August 23, 2011 – Early this month, the Florida Psychological Association (FPA) and the APA Practice Organization (APAPO) learned that Blue Cross Blue Shield of Florida (BCBS FL) and its new behavioral health subcontractor were planning a 30 to 60 percent reduction in psychologists’ reimbursement rates. The considerable payment reductions were part of a new provider contract from the behavioral health carve-out company that included some troubling provisions. Psychologists seemingly were given just 15 days to decide whether to accept the new contract.

In a prompt response (PDF, 57KB) to an Aug. 10, 2011 letter (PDF, 579KB) from FPA, the Florida Office of Insurance Regulation (FLOIR), assured the associations that psychologists will have more time to decide. The letter further indicated that FLOIR is working with BCBS FL to correct problematic language in the provider contract.

However, the crucial issues raised with FLOIR regarding the adequacy of reimbursement rates and the impact on patient access to mental health services remain to be resolved.

Changes announced by BCBS FL and its subcontractor

BCBS FL announced in July that New Directions, LLC would soon begin acting as the behavioral health carve-out company. The company is headquartered in the Kansas City, KS area and is owned by a BCBS entity. New Directions will begin managing the PPO business on December 1, 2011 and the HMO business on January 1, 2012.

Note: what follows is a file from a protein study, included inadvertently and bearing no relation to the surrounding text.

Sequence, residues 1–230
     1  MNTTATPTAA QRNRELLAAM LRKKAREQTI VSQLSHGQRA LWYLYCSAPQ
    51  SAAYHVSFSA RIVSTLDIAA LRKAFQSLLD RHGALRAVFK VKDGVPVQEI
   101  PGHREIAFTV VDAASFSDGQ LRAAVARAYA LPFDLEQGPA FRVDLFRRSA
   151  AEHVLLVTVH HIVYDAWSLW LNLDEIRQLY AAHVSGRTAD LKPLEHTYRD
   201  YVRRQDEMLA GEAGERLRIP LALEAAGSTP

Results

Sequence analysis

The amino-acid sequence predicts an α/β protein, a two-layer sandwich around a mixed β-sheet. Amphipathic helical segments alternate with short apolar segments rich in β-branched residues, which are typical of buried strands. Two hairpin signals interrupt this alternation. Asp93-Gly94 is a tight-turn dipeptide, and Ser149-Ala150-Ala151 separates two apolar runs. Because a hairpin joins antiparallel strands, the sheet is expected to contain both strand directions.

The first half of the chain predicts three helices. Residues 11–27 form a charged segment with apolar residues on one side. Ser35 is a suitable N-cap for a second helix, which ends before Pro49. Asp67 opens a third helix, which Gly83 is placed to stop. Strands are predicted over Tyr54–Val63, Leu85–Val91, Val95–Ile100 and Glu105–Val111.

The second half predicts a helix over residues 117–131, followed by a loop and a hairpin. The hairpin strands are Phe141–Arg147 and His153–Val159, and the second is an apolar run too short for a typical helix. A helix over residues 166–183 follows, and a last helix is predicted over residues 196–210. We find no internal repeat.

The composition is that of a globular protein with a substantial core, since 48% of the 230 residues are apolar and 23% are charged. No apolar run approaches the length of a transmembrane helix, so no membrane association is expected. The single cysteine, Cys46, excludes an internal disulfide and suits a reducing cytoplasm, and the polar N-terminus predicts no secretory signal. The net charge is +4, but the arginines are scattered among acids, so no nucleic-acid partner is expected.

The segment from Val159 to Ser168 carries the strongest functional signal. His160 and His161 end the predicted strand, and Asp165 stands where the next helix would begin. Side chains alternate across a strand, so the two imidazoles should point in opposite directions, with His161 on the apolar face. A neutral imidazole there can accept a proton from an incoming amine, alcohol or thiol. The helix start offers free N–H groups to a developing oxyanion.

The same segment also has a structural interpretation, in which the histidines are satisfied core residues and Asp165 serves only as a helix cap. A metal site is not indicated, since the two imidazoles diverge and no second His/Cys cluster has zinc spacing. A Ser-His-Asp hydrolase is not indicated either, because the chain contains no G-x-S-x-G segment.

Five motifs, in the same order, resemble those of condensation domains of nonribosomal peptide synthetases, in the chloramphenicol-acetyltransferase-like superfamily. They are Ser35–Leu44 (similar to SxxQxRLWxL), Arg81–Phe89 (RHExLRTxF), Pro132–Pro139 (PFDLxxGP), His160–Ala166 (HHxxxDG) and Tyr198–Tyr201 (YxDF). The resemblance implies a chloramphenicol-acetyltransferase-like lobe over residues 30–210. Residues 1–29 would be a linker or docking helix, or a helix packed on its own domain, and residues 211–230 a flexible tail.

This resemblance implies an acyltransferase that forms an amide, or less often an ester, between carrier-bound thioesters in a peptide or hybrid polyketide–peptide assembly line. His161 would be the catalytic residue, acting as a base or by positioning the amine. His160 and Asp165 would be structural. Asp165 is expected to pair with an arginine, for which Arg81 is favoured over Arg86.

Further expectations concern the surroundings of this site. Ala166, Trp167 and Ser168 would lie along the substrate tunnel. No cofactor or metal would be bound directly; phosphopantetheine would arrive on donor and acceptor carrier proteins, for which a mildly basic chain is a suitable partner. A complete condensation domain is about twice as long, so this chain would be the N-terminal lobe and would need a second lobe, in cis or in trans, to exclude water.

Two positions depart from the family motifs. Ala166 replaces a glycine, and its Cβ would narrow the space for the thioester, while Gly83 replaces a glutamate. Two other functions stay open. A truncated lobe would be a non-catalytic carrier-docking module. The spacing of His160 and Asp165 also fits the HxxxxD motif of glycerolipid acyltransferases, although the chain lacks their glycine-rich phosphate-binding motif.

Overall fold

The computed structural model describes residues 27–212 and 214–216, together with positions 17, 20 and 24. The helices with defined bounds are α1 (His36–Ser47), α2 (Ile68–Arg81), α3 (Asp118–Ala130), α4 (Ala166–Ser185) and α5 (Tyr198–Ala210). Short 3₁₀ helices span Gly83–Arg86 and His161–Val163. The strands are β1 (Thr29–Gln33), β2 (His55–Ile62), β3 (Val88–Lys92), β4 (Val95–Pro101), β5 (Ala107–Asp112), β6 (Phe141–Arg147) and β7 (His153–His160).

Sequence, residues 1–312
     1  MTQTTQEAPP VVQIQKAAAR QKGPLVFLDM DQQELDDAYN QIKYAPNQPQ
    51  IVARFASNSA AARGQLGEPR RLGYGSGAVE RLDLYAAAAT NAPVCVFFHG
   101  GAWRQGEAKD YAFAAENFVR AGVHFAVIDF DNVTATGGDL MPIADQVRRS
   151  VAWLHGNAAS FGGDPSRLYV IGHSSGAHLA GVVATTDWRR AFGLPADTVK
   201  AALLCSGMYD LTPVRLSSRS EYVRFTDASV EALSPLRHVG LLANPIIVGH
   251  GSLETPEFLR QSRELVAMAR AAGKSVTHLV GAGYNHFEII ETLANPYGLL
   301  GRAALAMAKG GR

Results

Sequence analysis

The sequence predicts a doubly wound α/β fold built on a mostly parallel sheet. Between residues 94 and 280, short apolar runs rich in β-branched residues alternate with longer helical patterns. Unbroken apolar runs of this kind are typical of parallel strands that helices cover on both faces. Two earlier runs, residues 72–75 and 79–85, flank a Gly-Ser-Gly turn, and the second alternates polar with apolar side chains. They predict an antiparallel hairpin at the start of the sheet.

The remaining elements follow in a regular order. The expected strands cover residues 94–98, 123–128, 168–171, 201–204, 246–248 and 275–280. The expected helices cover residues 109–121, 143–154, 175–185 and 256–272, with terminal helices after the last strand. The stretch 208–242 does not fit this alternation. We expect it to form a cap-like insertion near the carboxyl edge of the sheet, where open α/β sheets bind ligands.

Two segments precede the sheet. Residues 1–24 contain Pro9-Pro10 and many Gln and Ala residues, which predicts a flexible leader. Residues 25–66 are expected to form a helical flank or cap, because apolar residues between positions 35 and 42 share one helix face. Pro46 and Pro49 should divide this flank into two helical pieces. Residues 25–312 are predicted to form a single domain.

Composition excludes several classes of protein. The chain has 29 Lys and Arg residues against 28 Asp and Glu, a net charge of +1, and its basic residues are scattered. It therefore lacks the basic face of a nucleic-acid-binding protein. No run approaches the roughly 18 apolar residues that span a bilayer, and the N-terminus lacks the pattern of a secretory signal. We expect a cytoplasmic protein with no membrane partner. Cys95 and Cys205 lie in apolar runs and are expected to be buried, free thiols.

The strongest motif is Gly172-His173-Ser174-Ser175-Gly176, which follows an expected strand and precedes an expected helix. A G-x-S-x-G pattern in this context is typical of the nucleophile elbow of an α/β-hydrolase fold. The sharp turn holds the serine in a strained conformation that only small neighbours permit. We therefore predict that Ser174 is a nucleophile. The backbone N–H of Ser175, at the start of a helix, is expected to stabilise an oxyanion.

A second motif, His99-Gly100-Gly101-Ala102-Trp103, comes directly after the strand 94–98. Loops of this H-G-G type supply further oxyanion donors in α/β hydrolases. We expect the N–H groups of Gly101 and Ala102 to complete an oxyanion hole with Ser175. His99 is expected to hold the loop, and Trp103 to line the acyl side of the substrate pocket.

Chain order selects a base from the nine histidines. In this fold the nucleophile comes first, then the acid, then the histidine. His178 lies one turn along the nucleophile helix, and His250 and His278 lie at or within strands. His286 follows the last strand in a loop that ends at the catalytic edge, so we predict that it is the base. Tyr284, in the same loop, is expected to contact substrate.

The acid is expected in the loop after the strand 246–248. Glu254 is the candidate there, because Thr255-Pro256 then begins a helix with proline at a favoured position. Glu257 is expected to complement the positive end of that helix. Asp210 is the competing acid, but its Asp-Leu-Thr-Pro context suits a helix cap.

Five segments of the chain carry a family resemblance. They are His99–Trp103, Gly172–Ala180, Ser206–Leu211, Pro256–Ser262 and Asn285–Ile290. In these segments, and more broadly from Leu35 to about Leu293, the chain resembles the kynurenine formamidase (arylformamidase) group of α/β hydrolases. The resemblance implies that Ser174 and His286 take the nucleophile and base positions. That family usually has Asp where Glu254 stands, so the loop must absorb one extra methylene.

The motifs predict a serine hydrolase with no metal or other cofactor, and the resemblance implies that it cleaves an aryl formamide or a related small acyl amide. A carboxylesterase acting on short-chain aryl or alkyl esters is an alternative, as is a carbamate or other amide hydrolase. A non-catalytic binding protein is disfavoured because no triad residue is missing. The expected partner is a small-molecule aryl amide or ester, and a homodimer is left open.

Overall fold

BCBS FL announced its intention to terminate the company’s contracts with psychologists and other mental health providers and indicated that New Directions would be contracting directly with these providers.

In early August, Florida psychologists began receiving large contract packages from New Directions. The cover letter asked the psychologists to return the 20-page contract and other enrollment materials within 15 days. The letter did not clarify whether or not the 15 days was a deadline, but FPA was concerned that members could read the letter as giving them only until August 15 to accept the New Directions contract or be barred from working with the state’s largest health insurer.

New Directions’ rate schedules showed a 30 to 60 percent cut in psychologists’ reimbursement rates. New Directions and BCBS FL representatives have told some FPA members that they believe that the going rates for master’s level practitioners are appropriate for psychologists.